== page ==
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How to: Build a relationship with a landscape architect

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Life will be much easier on a project when you avoid confrontations with a landscape architect, which will hopefully make the process more efficient and the job more profitable.

Brian Horn | December 27, 2011

Whether it's your personal or professional life, when everyone is on the same page, life is easier.

That's also the wisdom behind forming a solid working relationship with a landscape architect.

Life will be much easier on a project when you avoid confrontations with a landscape architect, which will hopefully make the process more efficient and the job more profitable. One thing to remember is the landscape architect isn't looking forward to being difficult or stubborn, so neither should you because the customer ends up suffering.

"None of us, I hope, are really in this to go out there to have head-butting sessions," says Keven Graham, principal/landscape architect with Planning Resources. "That's not what we want to do. We want to see good projects designed and built. And, it needs to be really looked upon as it's a team; it's a partnership to getting a project built for the client. We shouldn't be building projects just for my portfolio."  – Brian Horn

 

  1. Communication is absolutely critical, so you need to contact the architect when something is changed. "At the beginning of a project, don't assume something. Call me, and talk to me. As a landscape architect, we understand and we know that changes are going to be made in the field. We're OK with that, but we need to be part of the process," Graham says.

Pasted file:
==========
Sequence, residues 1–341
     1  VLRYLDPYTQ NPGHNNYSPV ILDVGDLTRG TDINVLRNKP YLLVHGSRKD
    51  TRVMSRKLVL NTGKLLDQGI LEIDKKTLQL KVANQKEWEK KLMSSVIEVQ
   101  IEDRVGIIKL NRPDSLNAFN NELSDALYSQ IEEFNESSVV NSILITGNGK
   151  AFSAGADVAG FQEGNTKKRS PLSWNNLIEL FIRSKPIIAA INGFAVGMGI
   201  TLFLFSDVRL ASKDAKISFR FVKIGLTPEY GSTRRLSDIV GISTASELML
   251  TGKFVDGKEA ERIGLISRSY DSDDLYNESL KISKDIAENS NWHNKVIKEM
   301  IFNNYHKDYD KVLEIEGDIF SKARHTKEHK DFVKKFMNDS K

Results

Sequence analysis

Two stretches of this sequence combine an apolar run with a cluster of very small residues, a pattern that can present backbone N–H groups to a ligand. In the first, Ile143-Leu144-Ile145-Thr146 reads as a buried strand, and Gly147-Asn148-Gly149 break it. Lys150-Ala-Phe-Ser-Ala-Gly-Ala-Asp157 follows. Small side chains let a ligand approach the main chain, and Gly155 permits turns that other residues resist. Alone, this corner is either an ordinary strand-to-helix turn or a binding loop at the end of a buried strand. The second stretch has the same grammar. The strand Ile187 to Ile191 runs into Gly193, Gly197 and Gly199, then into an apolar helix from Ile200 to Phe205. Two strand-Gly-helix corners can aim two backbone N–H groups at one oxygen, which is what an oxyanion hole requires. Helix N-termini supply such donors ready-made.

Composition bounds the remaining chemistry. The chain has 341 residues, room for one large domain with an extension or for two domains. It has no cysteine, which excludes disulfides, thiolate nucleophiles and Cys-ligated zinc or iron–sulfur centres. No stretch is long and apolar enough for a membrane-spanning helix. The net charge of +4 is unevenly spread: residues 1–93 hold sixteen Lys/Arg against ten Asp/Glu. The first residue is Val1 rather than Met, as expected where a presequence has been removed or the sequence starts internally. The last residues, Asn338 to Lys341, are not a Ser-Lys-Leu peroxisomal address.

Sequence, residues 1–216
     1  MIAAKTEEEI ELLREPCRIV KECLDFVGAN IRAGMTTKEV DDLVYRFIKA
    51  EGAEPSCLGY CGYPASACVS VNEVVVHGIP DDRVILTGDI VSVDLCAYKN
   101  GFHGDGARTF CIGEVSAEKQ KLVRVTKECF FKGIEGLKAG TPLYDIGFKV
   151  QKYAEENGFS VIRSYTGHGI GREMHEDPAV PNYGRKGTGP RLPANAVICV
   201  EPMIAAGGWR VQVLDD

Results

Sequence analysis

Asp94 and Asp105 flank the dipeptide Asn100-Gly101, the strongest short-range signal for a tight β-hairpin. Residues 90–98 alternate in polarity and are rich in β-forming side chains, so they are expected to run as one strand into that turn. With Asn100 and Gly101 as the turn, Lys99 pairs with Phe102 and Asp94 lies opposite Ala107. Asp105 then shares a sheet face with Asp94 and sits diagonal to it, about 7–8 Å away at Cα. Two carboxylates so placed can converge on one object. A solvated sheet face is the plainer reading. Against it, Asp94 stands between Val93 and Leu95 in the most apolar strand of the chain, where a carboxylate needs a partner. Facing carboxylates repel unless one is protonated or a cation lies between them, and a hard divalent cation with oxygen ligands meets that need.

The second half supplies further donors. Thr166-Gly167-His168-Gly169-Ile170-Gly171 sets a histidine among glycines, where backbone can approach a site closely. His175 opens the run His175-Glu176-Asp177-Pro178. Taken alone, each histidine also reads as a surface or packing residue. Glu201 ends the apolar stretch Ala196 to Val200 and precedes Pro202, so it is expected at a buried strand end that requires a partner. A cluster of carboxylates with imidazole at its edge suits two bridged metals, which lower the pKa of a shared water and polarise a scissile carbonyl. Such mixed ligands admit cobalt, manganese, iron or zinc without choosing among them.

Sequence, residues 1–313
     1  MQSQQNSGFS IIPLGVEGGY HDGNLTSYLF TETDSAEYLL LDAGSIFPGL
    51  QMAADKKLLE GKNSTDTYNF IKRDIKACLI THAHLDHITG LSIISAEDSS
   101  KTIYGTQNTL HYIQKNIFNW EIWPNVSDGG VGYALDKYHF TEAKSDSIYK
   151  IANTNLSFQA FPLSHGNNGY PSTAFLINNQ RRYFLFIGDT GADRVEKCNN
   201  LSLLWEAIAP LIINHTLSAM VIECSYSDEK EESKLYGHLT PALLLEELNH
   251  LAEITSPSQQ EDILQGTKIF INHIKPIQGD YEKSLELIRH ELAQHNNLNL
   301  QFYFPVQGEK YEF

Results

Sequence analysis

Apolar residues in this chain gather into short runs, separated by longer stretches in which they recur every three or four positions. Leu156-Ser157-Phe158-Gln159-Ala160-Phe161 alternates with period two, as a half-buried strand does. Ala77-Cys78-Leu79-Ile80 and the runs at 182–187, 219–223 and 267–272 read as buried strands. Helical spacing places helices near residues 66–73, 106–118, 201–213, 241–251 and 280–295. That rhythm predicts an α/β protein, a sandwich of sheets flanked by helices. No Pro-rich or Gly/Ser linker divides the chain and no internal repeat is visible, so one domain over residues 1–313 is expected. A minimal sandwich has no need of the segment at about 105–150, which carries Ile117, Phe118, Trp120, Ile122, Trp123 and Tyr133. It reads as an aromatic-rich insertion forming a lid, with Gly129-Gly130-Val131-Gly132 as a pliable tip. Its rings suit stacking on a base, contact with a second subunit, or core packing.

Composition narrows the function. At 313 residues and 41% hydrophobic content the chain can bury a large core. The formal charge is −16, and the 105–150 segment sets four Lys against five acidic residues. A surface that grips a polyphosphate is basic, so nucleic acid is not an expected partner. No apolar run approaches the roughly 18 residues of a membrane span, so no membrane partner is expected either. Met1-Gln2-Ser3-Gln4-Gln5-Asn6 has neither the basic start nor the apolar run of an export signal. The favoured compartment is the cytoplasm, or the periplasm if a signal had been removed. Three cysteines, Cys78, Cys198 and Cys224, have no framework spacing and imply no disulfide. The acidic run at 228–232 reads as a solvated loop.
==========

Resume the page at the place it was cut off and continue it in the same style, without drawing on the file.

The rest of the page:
2. There needs to be a mutual respect. "In the end, as a landscape architect, I know, my design is only as good as the contractor who puts it in. From the landscape contractor standpoint, his project is only profitable and functional and good if the plan is followed and if we're working together to build the right thing," Graham says.
     
  3. Follow the plans and specs, and read them before you bid. "I think, too often, people assume that specifications are the same thing that they've been for 20 or 30 years," Graham says.
     
  4. Get your paperwork completed. If you do paperwork properly, Graham says it helps him do his job, and helps you get paid. "I have to go through and look at pay invoices, and I need the paperwork and documentation," he says. "I can't just slide it through for someone."
     
  5. Volunteer to help landscape architects. Graham says some architects have lunch-and-learns that contractors can participate in as a resource. It will give an architect a chance to pick your brain. "Landscape architects can learn a lot too," Graham says. "We don't know everything."


Illustration by Ron Wilson

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